How are chunks stored on disk?



I have been studying the literature behind SciDB during the last days and there is one thing that I haven’t been able to clarify yet. I can understand that arrays are split into chunks (either regular or irregular) and that irregular chunks can be additionally divided into (regular) tiles.

I can also understand how SciDB’s catalog can point the query execution engine to the right chunks by keeping track of the dimension instance ranges for every one of them.

What I don’t understand is: how are the chunks are stored on the disk?. Specifically, how are the cells stored. I took a look at the codebase and the only thing that I could understand is that the payload is of course Run-Length Encoded, but couldn’t understand much more about the structure of how the cells are stored inside each specific chunk.

I’ve read in one of your publications that “for sparse arrays, only non-null cells are stored inside chunks and their order is arbitrary.” [Soroush2011]

For example, let’s say that the iterator returns a chunk, and I want to perform a join with another chunk. How do I align all the cells, if the dimension values are random?
Do I have to perform a loop over all the the cells of the other chunk for each cell?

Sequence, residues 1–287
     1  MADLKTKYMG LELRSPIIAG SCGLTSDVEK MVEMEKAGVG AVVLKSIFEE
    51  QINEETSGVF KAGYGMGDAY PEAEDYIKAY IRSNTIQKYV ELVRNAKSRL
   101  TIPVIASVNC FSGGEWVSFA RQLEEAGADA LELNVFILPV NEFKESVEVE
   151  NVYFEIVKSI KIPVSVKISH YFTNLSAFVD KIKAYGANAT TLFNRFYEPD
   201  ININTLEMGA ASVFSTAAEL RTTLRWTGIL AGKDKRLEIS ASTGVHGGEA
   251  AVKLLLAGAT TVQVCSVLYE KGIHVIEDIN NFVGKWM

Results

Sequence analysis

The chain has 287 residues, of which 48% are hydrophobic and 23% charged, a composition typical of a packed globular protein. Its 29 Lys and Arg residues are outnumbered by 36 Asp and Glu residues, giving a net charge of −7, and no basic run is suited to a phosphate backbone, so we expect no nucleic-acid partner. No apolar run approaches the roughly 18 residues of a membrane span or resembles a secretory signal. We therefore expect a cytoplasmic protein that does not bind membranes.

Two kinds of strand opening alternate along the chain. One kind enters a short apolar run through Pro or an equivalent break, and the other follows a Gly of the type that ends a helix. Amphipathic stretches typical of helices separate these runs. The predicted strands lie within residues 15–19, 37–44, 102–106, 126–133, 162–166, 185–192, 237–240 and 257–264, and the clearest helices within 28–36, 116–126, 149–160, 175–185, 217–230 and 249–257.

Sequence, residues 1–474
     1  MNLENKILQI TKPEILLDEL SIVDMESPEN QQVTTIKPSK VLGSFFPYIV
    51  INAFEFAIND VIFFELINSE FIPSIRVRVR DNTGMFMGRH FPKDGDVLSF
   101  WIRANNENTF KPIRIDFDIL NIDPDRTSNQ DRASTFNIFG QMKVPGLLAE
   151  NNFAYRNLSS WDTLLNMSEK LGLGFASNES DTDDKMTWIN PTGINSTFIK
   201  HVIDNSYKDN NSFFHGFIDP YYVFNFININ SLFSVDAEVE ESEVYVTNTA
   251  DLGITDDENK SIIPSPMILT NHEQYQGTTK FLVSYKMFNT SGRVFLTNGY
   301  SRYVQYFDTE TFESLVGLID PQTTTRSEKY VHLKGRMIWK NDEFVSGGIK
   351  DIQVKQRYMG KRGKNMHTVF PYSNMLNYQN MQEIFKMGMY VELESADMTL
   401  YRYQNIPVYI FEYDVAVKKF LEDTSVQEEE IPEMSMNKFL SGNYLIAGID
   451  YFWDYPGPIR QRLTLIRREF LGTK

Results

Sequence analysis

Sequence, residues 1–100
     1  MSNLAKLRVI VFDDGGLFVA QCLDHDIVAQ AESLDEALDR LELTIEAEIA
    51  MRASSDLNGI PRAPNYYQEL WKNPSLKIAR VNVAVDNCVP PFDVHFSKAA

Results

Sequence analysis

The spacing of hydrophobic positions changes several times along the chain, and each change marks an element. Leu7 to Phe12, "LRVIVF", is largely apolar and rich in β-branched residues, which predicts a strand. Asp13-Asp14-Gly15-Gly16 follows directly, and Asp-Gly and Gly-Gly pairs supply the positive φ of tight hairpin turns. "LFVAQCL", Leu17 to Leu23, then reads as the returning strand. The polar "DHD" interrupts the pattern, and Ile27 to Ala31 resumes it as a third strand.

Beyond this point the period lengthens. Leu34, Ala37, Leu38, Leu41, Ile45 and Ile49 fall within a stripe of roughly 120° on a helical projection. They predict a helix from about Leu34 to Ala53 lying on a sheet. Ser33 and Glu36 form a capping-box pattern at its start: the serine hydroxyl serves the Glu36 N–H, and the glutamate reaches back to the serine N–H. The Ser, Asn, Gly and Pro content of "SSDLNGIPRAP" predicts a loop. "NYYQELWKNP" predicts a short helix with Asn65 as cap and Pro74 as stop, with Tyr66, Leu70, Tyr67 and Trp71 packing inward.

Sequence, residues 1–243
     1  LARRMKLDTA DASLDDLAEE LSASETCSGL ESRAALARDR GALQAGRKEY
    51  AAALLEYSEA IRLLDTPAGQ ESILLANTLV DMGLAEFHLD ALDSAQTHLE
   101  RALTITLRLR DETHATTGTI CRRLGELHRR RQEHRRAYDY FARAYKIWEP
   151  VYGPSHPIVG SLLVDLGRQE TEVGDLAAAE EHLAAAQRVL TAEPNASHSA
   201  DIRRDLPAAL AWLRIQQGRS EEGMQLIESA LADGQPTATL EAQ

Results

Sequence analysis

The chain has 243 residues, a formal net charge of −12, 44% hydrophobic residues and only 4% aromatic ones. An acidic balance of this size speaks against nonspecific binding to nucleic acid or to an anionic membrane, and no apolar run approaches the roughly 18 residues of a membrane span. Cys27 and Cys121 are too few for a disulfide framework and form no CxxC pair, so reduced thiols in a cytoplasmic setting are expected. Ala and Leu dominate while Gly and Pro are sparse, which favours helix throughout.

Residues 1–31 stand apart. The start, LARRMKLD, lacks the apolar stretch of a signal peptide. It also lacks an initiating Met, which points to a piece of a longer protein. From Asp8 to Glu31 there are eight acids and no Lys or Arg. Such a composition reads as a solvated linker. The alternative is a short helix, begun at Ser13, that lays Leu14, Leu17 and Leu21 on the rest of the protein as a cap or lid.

What I want to ask is, does SciDB also store dimension identifiers with the value itself for every cell, or are the dimensions indexed or ordered somehow within each chunk?

Thank you very very much!!


For a ConstChunkIterator, SciDB 14.8 have APIs operator++(), getPosition(), and getData()/getItem(), to iterate through all non-empty cells. Those should be enough for you to walk through the data sequentially. In case you want to join two chunks, and the use case is that given a cell position in one chunk you calculated a cell position in the other chunk and want to directly jump to it, you may call setPosition().

You are right in that chunks are stored in Run-length encoding. You should never need to get inside the storage format of the chunks. But if you realy want to know, see RLE.h and RLE.cpp – very complicated though.